The plaintltI, In his blll, alleges: That he Is a citizen of the state of Kentucky, and a business man, having extensive social, business, and general correspondence. That prior to the time indicated in the blll he enjoyed the usual and ordinary mall facilities of the citizens of the United States, not only in the conduct of his business, but also in the free enjoyment of intercourse with his famlly, relatives, friends, and acquaintances. That the defendant, W. M. McChe!';ney, was duly appointed postmaster at Lexington, Ky., and qua11fied as such, and that as postmaster, In the exercise of his authority and the performance of his duty,and In due course of mail, received In his custody at the post office at LeXington each day for and during more than three months before the filing of the bill sealed letters, packages, and packets addressed and to be delivered to the complainant, which sealed letters, packets, and packages were malled to him by his counsel, by his correspondents, friends, relatives, and others, and that It was the official duty of the defendant as postmaster to deliver said letters, packages, and packets so addressed to him, and received at the said post office; and that he requested of the defendant the delivery of said letters, but that in disregard of his official duty, and In violation thereof, and of the rights of the complainant, he refused to deliver said letters or packages or packets, or any of them, but arbitrarily and wrongfully, and without notice to the complainant, either before or after the seizure and detention of said letters and packages, seized and detained each and every one of said letters and packages and packets as they were received from day to day and from time to time in said office, and wholly refused to deliver said letters and packages to plaintiff, or to anyone for him. That he unlawfully and wrongfully having seized and detained said letters and packages wrote or caused to be written or stamped on each and everyone of said letters and packages the word "Fraudulent," and, instead of delivering the said letters and packages to him, returned part of said mail matter to the several offices from which it was forwarded, and other parts of it to the dead-letter office at Washington, D. C. That on each lUld everyone of said letters and packages thus received at the I-,exington post office the said defendant wrote or caused to be written the false, libelous, and defamatory word "Fraudulent" thereon, thereby publishing and causing to be believed by the public that this complainant was and is not a citizen of good repute, and that he was not and Is not a law-abiding citizen, and that all mail matter addressed to him and received at the post office at Lexington, Ky., was of an unlawful, fraudulent, and nonmailable character, and was written and addressed to him (complainant) for an unlawful and improper purpose. That by reason of the wrongful seizure and detention of said letters and packages, and the false and libelous matter so written thereon and pUblished, the complainant has been greatly injured in his reputation and business, and has been scandalized and humiliated, and bas also been, and still is, by said postmaster wholly denied and deprived of the right and privilege of using the United States mail or said post ottice at Lexington, Ky., for any purpose whatever during said three months last past; ancl that said defendant, 1IcChesney, continues to seize and detain the mail matter of this complainant, and continues to write upon each and every package and parcel the false word "FraUdulent,"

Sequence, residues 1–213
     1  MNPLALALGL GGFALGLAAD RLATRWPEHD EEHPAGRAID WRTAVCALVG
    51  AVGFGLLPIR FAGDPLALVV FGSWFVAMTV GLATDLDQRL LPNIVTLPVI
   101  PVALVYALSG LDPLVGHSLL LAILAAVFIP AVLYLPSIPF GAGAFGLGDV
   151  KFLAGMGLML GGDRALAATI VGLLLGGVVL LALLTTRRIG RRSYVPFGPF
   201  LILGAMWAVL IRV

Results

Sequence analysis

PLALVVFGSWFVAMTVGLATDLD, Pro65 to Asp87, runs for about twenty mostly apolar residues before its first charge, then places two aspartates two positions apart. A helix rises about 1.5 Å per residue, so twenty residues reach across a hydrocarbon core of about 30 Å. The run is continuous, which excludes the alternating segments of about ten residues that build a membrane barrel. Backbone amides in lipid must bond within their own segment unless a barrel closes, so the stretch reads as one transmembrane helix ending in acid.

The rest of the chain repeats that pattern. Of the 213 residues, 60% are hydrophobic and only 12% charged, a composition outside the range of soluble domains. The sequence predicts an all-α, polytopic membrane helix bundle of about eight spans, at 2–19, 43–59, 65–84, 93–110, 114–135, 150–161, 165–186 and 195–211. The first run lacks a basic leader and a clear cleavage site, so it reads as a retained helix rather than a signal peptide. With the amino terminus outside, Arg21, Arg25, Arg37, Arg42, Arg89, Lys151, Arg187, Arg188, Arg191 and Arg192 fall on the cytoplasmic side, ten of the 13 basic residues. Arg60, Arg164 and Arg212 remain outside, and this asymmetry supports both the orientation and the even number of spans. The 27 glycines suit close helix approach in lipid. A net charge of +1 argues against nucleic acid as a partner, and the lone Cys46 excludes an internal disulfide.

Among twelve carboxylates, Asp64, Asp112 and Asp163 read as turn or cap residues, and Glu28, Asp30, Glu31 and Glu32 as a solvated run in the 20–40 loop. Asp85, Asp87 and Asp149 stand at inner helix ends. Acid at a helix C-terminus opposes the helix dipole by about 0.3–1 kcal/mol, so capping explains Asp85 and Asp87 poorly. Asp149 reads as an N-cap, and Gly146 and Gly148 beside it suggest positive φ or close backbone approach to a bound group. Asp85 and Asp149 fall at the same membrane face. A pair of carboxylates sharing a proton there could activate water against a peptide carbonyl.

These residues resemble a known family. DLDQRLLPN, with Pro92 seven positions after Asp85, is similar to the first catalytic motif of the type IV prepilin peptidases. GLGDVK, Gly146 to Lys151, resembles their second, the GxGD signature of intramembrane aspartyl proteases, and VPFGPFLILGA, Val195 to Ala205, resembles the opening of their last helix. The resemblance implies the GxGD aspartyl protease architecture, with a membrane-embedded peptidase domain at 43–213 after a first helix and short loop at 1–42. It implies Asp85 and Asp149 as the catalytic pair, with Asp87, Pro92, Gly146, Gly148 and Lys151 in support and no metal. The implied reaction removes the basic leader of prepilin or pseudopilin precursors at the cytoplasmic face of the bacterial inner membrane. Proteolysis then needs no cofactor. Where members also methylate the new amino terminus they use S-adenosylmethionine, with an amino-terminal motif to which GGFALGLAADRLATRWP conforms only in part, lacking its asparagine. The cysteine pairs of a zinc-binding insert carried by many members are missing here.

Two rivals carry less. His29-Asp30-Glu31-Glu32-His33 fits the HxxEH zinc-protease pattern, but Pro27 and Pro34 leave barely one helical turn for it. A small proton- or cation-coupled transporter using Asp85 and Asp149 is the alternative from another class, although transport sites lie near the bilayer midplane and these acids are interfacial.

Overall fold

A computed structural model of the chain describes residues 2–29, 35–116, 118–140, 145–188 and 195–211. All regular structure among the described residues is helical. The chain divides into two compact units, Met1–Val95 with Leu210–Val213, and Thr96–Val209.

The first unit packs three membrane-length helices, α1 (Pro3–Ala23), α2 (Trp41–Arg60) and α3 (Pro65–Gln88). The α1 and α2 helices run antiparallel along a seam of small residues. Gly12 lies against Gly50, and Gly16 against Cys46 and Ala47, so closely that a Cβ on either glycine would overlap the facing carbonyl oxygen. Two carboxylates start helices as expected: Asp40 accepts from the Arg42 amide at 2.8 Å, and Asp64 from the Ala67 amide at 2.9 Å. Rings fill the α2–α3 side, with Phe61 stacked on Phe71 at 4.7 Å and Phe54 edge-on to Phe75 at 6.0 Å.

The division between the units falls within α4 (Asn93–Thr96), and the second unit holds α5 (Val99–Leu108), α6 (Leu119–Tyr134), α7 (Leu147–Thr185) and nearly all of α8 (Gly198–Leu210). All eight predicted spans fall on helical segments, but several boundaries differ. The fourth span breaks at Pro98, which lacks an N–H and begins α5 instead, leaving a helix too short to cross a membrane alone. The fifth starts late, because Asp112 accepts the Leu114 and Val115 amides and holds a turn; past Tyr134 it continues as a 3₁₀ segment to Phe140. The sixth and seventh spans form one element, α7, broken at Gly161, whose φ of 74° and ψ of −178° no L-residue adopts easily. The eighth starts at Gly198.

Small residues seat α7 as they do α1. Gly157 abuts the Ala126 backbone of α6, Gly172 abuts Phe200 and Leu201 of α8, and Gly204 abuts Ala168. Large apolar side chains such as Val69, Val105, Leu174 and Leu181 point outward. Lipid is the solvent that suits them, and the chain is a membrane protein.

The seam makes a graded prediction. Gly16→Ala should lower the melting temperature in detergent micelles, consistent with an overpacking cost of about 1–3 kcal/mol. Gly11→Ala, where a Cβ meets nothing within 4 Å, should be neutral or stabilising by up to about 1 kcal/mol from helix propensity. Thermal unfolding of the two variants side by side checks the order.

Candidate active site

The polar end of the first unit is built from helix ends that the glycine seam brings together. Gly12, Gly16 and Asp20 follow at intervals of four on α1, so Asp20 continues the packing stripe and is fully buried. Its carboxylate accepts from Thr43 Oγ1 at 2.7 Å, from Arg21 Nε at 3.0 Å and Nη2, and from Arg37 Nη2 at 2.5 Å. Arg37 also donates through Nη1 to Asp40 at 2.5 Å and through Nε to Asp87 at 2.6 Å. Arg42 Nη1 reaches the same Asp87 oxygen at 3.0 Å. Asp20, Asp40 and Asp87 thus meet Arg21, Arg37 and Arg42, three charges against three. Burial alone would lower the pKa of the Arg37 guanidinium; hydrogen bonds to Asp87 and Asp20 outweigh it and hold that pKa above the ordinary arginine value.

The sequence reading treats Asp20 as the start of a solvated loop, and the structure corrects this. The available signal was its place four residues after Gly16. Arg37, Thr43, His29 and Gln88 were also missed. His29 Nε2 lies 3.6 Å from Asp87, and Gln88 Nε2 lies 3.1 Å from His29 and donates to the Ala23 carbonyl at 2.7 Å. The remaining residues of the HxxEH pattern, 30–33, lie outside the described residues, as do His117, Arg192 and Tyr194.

81 X".EDERAL REPORTER.